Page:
our other Mrs. Kravitz-like neighbors next door swore that the parents had a big Nazi flag tacked up on the bedroom wall. since, unlike them, we're not in the habit of peering in other peoples' windows, that sadly remains unconfirmed.

belledame222 said...

I remember that the daughter, who was my age, was the only one in our health/sex ed/driving class whose parents refused to give her the permission to take the sex ed part, for whatever that's worth.

she also used to bully me on and off throughout junior high and high school.

Trinity said...

"...although, it also depends what those adults are like, i expect."

Yeah. I was just going to say that. I'm not sure that just being home by yourself convinces even already problem kids to join racist gangs.

I was a latchkey kid. I'm not saying it's a great thing -- it isn't -- but I mostly did homework and watched cartoons.

ArrogantWorm said...

On latchkey kids, I think it depends more on what the adults around them believe and the actions that go with it than wether or not there are adults at home after school. Kids learn by example, if the parents are fuckwits (like racist attitudes or upholding a strong vs weak attitude) than their kid'll either pick up and agree with the behavior or disregard it as they see fit, the former happening more often than the latter, I think. Doesn't matter wether the parent's are home after school or not for that to happen.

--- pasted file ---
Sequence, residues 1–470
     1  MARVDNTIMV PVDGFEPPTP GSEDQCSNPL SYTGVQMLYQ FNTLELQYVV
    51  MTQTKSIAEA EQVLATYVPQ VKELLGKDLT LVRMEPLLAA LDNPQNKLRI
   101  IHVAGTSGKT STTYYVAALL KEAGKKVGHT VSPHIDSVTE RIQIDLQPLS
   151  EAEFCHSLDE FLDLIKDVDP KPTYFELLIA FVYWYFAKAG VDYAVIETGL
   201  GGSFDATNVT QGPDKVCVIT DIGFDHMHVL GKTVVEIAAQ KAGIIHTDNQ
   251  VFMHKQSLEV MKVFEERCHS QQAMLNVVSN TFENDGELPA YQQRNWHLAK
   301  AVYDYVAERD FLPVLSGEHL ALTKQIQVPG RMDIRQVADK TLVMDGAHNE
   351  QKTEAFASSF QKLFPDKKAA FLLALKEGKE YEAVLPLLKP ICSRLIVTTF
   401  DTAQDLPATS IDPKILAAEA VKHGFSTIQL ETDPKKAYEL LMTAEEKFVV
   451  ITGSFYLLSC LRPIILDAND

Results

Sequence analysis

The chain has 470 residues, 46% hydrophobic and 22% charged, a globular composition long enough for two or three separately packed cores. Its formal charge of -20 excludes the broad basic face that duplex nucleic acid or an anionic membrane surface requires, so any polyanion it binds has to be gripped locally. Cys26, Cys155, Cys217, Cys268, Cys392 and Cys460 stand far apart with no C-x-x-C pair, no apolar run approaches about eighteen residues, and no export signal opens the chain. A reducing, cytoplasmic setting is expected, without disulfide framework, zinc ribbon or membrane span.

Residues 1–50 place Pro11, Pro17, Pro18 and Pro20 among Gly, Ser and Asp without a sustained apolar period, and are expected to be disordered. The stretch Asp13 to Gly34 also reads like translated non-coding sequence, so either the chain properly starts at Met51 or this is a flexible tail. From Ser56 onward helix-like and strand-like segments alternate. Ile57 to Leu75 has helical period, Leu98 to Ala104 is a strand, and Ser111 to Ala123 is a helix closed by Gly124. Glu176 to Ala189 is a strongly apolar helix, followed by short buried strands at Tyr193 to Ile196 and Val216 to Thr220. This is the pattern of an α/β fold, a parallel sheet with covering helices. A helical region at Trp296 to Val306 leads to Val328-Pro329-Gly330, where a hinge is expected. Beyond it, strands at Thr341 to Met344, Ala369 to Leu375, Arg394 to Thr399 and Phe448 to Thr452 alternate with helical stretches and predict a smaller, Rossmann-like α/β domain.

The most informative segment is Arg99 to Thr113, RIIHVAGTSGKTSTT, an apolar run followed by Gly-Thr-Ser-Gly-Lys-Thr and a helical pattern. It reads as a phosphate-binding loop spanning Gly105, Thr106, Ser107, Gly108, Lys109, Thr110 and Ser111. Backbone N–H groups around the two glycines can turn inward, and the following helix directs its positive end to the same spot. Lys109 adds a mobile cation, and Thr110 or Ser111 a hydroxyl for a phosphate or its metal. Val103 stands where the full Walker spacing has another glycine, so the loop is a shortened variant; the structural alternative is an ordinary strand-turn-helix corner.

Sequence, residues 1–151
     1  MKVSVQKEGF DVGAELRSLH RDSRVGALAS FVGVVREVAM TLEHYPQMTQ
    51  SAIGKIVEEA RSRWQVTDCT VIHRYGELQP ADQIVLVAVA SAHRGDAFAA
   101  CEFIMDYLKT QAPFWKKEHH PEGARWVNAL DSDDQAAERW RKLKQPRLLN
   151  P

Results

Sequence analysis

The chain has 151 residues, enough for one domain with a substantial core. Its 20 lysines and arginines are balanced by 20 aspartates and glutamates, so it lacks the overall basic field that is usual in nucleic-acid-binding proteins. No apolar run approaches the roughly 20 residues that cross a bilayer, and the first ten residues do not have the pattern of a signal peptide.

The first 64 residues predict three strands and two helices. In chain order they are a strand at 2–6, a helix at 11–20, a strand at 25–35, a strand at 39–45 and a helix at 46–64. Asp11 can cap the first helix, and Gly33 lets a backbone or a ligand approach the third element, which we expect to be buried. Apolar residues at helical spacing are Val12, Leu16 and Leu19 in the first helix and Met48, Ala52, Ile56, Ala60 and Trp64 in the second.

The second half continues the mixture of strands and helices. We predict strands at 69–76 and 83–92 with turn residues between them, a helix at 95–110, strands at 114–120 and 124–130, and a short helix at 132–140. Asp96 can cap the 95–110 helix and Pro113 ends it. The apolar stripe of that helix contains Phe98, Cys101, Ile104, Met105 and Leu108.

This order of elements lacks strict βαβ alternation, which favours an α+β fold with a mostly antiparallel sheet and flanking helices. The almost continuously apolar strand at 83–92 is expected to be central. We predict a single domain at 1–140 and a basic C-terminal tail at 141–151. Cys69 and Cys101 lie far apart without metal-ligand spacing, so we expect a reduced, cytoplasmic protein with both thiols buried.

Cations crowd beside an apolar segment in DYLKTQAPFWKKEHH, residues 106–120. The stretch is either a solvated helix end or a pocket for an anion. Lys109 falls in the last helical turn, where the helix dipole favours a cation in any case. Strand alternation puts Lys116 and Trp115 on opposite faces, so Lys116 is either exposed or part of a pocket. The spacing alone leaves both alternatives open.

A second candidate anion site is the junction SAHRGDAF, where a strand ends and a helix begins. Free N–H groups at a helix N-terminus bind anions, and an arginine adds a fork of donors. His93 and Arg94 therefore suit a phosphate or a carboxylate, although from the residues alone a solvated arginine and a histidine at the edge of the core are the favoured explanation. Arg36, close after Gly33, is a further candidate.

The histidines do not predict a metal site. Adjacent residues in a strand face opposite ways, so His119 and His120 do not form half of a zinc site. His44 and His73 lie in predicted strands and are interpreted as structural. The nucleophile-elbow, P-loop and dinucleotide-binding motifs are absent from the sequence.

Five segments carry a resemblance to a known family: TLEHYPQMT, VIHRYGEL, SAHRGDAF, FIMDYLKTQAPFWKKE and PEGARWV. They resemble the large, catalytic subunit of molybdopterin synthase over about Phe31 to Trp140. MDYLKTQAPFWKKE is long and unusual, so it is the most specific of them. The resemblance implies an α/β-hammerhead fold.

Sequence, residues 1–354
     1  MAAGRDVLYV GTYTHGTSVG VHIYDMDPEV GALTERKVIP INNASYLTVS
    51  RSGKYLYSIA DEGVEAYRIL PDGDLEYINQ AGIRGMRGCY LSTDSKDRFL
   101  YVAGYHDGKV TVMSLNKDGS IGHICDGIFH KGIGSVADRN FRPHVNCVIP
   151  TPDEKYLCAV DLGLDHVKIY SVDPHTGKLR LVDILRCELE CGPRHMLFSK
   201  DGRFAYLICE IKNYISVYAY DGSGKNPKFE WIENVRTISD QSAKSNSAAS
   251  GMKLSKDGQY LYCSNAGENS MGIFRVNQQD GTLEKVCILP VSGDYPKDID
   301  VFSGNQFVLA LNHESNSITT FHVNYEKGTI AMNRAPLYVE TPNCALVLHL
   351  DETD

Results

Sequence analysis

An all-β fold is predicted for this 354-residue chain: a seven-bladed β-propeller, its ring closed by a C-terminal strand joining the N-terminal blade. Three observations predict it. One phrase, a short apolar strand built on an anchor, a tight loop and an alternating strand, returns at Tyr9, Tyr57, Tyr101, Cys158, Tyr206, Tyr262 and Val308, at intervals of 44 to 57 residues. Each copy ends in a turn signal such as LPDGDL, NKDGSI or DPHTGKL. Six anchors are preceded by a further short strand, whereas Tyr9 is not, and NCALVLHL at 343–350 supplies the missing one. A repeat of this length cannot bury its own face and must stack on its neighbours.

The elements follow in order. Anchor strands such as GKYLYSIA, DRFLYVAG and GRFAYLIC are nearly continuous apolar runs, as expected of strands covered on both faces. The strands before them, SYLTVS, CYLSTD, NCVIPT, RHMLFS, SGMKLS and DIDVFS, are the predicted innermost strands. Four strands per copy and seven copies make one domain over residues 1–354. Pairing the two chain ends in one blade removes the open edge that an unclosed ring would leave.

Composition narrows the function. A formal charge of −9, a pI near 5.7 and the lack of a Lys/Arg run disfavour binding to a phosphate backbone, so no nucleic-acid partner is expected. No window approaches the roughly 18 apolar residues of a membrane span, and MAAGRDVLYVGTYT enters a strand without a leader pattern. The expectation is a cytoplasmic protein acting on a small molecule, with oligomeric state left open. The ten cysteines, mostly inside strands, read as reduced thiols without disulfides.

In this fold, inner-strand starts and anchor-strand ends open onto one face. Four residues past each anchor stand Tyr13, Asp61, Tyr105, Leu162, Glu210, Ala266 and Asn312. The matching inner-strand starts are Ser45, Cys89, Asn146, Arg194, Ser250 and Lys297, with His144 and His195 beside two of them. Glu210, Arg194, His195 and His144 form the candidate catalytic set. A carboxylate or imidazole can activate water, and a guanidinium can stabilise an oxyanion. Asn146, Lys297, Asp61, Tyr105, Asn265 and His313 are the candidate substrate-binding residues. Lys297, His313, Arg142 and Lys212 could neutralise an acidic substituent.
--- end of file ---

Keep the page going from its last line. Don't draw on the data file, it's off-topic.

Although a responsible adult in the house is still a good idea with young kids. But preteens and teenagers (at least, the ones I'm familiar with) can take care of themselves, for the most part.
'Course, there's always exceptions.

Most cops could stand to revise how they define a gang. Can't take care of it if people refuse to define it, and it ain't fair shoving hoodlums under the rug just cuz they're white.